United States – Greater collaboration between motor vehicle manufacturers and end-of-life vehicle (ELV) recyclers is essential in order to maximise technology, employment and sustainability opportunities in both sectors, declares plastics recycling major Axion Polymers of the UK.
Welcoming the European ELV Directive’s 2015 target to recycle or recover 95% of the weight of ELVs, Axion’s director Keith Freegard suggests the legislation offers ‘tremendous scope for supporting growth and forming new partnerships in the transition towards the Circular Economy’. Pointing to the 2.47 million new vehicles registered in the UK last year, he claims it is ‘a time for change’ as investment in new recycling technologies can meet demand for greater sustainability in the booming vehicle manufacturing industry, creating benefits for all.
‘We, like many similar companies, have invested significantly in state-of-the-art technology to meet the 2015 target,’ states Freegard. ‘What’s needed now is more engagement from motor manufacturers in exploring ways of stimulating demand for recycled materials – both plastics and metals – in components for new vehicles.’
Axion’s multi-million-pound Trafford Park shredder waste advanced processing plant (SWAPP), operated jointly with ferrous and non-ferrous metals recycler S Norton, is already achieving the 95% recycling and recovery target, the company claims. It produces recycled plastics that go back into new automotive components, materials for the construction industry and high-calorific solid recovered fuel.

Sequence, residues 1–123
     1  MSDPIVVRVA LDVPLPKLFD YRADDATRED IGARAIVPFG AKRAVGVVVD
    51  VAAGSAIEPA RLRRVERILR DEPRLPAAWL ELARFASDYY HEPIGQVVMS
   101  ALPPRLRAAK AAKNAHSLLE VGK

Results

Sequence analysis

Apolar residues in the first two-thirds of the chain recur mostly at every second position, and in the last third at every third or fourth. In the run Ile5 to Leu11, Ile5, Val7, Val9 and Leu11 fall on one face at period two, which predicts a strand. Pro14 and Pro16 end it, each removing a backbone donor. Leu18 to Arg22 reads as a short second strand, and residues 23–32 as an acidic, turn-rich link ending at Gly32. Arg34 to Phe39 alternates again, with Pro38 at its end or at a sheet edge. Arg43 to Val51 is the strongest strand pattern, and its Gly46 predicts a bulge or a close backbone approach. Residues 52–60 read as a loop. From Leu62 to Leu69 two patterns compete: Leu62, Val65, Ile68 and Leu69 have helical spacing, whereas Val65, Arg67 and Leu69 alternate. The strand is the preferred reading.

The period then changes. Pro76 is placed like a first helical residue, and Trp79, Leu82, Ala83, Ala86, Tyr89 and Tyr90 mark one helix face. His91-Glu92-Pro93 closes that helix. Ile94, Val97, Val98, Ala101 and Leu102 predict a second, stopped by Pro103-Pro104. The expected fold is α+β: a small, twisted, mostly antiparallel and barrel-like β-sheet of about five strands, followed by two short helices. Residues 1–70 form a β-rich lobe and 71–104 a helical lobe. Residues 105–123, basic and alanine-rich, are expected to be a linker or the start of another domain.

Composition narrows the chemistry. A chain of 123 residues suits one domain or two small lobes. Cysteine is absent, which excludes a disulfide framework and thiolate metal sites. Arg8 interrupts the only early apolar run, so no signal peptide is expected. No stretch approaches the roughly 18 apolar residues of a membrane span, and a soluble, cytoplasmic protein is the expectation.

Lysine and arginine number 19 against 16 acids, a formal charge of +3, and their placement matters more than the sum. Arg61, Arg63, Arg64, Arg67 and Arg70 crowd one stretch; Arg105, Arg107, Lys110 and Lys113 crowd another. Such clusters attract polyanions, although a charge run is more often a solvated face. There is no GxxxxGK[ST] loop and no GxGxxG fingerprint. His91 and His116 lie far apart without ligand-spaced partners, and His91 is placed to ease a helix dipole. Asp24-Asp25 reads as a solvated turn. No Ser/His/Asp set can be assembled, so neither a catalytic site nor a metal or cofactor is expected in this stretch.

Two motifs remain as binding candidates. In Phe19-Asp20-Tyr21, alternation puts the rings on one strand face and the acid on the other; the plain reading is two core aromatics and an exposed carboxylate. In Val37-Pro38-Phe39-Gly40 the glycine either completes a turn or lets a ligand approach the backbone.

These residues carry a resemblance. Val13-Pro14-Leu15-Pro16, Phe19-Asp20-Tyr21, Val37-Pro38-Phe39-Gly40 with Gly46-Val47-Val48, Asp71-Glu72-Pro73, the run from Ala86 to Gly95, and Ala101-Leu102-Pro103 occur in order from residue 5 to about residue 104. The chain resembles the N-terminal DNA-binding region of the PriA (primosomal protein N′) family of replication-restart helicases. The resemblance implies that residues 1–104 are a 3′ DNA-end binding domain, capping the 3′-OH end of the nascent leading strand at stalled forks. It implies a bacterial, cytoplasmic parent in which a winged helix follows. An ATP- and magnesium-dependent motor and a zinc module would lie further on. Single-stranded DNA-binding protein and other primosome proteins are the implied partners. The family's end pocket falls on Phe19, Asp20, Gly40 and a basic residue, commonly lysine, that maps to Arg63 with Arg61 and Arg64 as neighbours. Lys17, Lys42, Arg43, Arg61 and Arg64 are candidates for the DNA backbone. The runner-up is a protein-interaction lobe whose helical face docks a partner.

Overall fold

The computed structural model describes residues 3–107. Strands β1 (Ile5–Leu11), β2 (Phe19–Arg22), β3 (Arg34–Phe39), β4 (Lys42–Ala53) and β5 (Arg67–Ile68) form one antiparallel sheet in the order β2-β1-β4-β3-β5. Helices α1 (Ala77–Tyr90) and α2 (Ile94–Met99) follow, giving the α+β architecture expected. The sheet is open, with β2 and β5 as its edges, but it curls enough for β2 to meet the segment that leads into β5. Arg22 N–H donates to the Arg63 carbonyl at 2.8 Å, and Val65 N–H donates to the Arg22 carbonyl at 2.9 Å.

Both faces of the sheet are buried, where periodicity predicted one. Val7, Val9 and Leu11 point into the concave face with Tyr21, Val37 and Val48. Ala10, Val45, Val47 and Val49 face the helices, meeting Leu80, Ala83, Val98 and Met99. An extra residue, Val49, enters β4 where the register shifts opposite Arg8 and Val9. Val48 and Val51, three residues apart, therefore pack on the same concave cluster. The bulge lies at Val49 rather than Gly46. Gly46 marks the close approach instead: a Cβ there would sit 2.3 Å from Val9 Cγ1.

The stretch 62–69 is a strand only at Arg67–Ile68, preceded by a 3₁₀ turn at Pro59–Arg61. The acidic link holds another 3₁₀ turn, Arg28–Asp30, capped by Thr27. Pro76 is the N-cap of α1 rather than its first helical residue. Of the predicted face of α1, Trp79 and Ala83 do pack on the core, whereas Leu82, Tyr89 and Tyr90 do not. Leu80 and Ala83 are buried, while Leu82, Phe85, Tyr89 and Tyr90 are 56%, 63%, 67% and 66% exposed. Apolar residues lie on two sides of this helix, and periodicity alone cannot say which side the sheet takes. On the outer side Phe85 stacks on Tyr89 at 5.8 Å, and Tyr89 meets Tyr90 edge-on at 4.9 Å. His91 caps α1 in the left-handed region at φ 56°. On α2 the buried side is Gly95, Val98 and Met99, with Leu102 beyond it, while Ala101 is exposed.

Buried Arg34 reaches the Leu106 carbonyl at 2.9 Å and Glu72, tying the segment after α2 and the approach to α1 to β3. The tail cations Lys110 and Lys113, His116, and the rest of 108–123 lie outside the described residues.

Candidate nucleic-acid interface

According to Freegard, materials from ELVs are already being captured through ‘close collaboration with the well-developed ATF network’ and partners like CarTakeBack.com Ltd. ‘It is time we made the most of these valuable established working relationships and exploit this urban mine of potential valuable and recoverable resources that’s getting bigger,’ he believes.
‘We would like to see more involvement from the motor vehicle manufacturers because this represents a fantastic opportunity for the supply of closed-loop materials to go back into the manufacture of new cars. We have the technology; we can deliver the necessary recycling target; now’s the time to drive it.’
Deliberately designed with spare capacity, Axion’s facility is capable of dealing with the complex mix of materials in modern vehicles; plastics can comprise up to 22% of a new car’s weight and this proportion is rising, the company claims. Recent investment has increased the capability for handling the complex plastics concentrate mixture from the automotive shredder residue (ASR) separation process.
Axion’s SWAPP facility, claimed to be ‘one of the most advanced’ of its kind in Europe, has an annual capacity of 200 000 tonnes, separating the non-metallic fractions (ASR) from the equivalent of around 600 000 cars a year.